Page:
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The Challenges of an Exchange Student, How to Deal With It?
Studying abroad definitely has a lot of benefits. It opens a lot of opportunities, and you get to learn more outside of your classroom. And while we encourage you to become an exchange student, we also have to warn you about the challenges that come along with it.
In this post, we will share with you some of the common issues an exchange student faces. In addition, we will provide tips on how to deal with it.
Unless you plan to study in a country that has the same language, this will not be much of a problem. However, what if you decided to study in Asia or in Europe? While most people can understand and speak English, learning the local language or dialect can help you. You can use it for asking simple directions or for common greetings.
Prior to going to a different country, we recommend that you take basic language classes. However, we do understand that this entails cost. Another solution is to use apps that can help you translate words. Practice it before you leave so you will sound natural once you try to engage in a conversation.
Local Practices and Culture
Remember, the acceptable practices in your country might be offensive in another, so you have to be extremely careful. For example, you might be comfortable wearing shorts in your country, but apparently, in the Middle East, you have to cover up.
Don’t get us wrong here ok? When you are in a different country, we encourage you to taste their local delicacies. There will always be a history alongside it, and it is often interesting. However, there are times wherein you are highly unfamiliar with the food, and you might not like it at first. Don’t worry, that’s normal.
Thing is, you can’t just rush to the nearest McDonald’s to have a burger all the time. What we recommend is that you try to taste their food little by little. Do your research first and see which ones you are likely to appreciate. Do not be afraid to explore, but you should also ask the ingredients of the food. After all, you wouldn’t want to have an allergic reaction.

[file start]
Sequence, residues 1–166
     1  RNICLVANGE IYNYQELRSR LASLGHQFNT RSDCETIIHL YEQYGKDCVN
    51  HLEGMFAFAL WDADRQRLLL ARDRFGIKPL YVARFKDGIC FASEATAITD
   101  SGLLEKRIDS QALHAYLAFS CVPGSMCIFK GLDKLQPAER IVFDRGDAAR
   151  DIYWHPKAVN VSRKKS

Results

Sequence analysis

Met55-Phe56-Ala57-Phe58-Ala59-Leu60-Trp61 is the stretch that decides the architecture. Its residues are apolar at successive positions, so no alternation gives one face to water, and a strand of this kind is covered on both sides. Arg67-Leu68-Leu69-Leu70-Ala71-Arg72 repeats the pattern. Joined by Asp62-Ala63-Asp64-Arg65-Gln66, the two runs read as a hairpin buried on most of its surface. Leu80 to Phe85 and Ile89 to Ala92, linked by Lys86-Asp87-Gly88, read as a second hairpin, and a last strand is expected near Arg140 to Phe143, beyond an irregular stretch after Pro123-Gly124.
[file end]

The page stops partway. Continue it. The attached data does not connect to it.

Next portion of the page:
Speaking of which, let’s now go to our next challenge as an exchange student.
Getting sick in a different country can be stressful. Imagine if you need to be hospitalized, and the local doctor needs your medical records. In that case, you need to make sure you have your physician’s contact details. In addition, always get an insurance that has medical benefits. Doing so can save you a lot of money.
As you go to a different country, naturally the currency is different. During the first few weeks, you might be confused about how the money looks like, and you might be giving the wrong amount whenever you buy stuff. For example, in Vietnam, you would feel like a millionaire because of their currency. One dollar is more or less 23,100 Vietnamese Dong. Just imagine if you have $1,000 with you.
Be more cautious when paying. Sometimes their money can be visually confusing.
Since we are talking about money, it is normal that you will have financial challenges in a different country. To avoid this, you can always have a part-time job. We highly recommend looking for online jobs, so you do not have to leave your apartment or dormitory. Likewise, try not to order food from restaurants every single time. If you can prepare your meal, then do so. Also, ensure that you have reserve funds back at home and have someone you trust have access to it. Call them up if you need the extra money.
Not Having a Social Circle
Another scary thought when studying abroad is that you don’t have friends. But you can always find school organizations for international students. Make sure to join them. If this is non-existent, then try to build your own. That’s a good initiative that will reflect well on your CV.
And of course, getting homesick is part of the experience. There are different ways to deal with this. Some people try to avoid spending too much time on social media. That way, they won’t see anything that they’ve missed back home. Others have a regular schedule to have a video call with families and friends. Do what you think is best for you, and sooner or later you will be used to studying overseas.
Even with these challenges, nothing beats the fun of being on your own and trying to thrive in a different country. Again, take the opportunity if it is being given to you.
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